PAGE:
Sunday, September 24, 2023
September 24, 2023

Salt Spring radon risk determined to be low

Roughly one in 25 homes tested on Salt Spring Island show unhealthy levels of radon, according to just released data, but those owners may need to take steps to ensure a healthy living space. 

Take Action on Radon’s Pam Warkentin presented results from recently completed testing Thursday, June 22, at Salt Spring’s Local Trust Committee (LTC) meeting. Radon is a naturally occurring radioactive gas released when uranium breaks down in soils and rocks; free test kits were distributed across the island in November through the 100 Radon Test Kit Challenge program. 

Of 66 test kits successfully deployed, returned and interpreted, three of them tested above Health Canada’s safe guidelines, according to Warkentin, with another 11 showing elevated levels. 

Radon concentrations in air are typically measured in becquerels per cubic meter (Bq/m3) — where a becquerel (Bq) is equal to one radioactive decay per second. When released from the ground into outdoor air, it becomes highly diluted and not harmful — outdoor air typically has a radon concentration of less than 10 Bq/m3 — but radon is a health risk in indoor settings where it can build up. 

“We’re finding that as more buildings are becoming airtight, that soil gas is coming into the building but not escaping,” said Warkentin, “and we’re seeing higher levels across the country in homes affecting people’s health.”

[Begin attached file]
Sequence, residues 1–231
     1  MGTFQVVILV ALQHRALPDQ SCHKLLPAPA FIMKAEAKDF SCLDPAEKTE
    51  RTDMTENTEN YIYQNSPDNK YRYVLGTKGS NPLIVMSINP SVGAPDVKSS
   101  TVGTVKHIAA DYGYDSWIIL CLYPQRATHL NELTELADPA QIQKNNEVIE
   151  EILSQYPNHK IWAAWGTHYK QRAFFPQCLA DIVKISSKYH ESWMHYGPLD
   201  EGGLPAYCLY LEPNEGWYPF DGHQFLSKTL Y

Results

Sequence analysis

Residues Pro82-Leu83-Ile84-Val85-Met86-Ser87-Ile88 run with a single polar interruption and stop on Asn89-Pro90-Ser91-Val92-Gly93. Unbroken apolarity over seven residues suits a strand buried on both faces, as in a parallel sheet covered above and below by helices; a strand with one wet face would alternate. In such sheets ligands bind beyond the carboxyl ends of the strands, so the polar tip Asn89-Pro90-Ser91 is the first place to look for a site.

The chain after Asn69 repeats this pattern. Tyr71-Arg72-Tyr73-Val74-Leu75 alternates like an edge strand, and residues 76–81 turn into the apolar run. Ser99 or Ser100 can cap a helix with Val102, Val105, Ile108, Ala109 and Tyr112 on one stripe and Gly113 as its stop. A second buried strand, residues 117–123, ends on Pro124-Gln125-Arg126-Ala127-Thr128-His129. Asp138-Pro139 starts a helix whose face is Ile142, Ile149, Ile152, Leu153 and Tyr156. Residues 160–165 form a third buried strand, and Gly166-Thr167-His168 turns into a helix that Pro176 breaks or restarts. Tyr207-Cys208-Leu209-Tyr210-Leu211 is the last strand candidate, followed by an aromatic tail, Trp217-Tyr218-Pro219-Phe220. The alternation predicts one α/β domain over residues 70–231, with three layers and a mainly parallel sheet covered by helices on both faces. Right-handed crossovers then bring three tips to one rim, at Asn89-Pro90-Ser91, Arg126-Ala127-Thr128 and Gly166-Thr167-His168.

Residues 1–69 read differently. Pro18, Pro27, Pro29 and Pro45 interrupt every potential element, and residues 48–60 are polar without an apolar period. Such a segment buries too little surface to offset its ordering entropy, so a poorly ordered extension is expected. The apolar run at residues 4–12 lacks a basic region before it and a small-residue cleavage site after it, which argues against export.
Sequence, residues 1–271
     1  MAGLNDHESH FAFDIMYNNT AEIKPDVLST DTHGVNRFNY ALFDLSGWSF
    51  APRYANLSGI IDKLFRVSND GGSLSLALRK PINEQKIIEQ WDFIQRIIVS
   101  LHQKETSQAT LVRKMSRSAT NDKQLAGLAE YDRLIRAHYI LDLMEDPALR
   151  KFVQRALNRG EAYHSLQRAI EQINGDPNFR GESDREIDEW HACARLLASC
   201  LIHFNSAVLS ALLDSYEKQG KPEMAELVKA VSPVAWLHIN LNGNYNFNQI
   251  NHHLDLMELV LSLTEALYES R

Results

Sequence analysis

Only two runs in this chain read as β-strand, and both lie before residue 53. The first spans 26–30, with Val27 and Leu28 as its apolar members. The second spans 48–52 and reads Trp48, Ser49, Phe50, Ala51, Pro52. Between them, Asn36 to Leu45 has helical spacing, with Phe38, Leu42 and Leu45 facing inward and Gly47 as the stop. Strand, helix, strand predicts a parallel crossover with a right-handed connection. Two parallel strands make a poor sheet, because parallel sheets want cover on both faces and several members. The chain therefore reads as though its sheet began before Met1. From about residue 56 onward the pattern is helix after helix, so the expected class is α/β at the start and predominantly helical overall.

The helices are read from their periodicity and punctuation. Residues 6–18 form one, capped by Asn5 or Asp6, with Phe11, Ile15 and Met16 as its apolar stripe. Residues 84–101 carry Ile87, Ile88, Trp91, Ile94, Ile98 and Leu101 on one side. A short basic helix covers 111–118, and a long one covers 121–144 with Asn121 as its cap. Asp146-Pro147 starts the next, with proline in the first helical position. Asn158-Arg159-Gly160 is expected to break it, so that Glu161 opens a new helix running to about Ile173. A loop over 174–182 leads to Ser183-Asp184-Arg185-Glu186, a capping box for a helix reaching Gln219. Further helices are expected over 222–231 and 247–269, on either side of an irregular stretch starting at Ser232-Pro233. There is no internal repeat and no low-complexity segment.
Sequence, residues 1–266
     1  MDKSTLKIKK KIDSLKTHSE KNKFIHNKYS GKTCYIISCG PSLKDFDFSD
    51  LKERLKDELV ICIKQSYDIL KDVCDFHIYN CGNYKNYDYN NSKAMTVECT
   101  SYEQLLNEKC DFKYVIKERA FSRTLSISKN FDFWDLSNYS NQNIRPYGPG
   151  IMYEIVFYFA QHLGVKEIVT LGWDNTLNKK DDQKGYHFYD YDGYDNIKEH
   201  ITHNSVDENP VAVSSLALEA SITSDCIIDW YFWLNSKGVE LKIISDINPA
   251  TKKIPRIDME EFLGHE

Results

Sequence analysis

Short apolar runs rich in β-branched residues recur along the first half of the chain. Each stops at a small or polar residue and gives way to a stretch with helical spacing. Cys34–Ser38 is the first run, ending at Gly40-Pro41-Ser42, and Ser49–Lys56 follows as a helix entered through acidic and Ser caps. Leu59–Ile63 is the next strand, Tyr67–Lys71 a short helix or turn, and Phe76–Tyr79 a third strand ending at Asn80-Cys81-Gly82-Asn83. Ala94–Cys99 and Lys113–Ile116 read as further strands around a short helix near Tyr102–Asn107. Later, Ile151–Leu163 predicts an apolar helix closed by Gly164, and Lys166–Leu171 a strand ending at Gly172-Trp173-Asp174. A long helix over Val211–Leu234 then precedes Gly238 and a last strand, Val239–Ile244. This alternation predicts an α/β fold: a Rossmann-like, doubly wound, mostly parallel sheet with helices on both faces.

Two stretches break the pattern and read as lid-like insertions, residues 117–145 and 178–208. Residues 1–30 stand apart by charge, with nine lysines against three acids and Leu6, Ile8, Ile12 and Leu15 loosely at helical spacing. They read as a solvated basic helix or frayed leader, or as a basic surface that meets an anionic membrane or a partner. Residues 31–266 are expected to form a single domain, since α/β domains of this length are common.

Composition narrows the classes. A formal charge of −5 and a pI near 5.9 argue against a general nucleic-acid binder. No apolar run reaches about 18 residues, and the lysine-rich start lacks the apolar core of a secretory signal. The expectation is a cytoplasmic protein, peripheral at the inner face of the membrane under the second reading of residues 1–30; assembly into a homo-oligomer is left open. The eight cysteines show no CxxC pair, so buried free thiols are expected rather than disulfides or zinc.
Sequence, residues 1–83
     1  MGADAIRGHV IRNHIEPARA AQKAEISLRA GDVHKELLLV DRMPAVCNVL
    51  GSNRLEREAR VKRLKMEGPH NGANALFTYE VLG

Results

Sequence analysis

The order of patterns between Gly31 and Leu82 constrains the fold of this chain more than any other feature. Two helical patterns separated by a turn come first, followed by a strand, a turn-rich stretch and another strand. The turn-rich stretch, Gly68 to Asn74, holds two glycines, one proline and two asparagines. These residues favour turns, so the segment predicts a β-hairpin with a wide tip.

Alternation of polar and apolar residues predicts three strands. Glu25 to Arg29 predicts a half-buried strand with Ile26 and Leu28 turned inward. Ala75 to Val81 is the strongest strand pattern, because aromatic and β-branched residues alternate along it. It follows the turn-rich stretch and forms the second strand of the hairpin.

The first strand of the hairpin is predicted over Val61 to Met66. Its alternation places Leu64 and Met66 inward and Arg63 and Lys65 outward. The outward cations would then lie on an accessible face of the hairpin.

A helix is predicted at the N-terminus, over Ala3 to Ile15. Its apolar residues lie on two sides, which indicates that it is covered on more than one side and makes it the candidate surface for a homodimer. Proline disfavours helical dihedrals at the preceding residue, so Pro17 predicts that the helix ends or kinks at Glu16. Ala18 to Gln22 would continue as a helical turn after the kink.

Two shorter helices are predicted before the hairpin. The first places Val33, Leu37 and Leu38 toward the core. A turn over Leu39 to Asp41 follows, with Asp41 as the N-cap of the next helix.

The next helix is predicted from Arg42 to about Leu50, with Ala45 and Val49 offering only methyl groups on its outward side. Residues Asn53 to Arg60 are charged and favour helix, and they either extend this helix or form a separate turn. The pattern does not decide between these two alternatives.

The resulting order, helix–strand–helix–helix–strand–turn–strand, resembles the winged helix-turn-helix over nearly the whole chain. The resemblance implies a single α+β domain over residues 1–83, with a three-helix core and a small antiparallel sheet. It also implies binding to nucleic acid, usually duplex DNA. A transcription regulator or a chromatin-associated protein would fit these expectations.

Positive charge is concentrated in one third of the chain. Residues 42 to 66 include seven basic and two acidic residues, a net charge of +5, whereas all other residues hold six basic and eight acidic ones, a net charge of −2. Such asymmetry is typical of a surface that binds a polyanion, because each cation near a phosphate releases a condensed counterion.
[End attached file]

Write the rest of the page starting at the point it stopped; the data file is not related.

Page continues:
On Salt Spring, homes testing between 200 and 600 Bq/m3 represent 4.5 per cent of the total; 16.7 per cent showed levels between 100 and 200 Bq/m3. According to the B.C. Centre for Disease Control (BCCDC), long-term exposure to radon — at any level, but especially at high concentrations — can cause lung cancer. 

“Radon is the leading cause of lung cancer in non-smokers,” said Warkentin, “and it greatly increases a smoker’s risk of lung cancer. Health Canada estimates that 3,000 Canadians per year are dying of radon-related lung cancer.” 

BCCDC hosts data from the BC Radon Data Repository, containing anonymized indoor radon observations integrated from multiple datasets. Previous measurements taken in 2021 — 52 homes across the Southern Gulf Islands, in that case — found a median radon concentration of 30 Bq/m3, placing the region’s risk category as “low” — although even then some concentrations were as high as 151 Bq/m3. 

In response to questions, Warkentin said there was no geographic “clustering” among the higher results on Salt Spring, and — at least with the small sample size, about one per cent of residences — no clear trend resulting from the age of homes.  

“From the data we’ve seen across the province, Salt Spring is certainly on the lower prevalence side,” said Warkentin, “and also below the provincial average.” 

Warkentin said there were resources, including grants, available for those who tested at high levels and wanted to hire professionals to mitigate radon in their homes. For information visit



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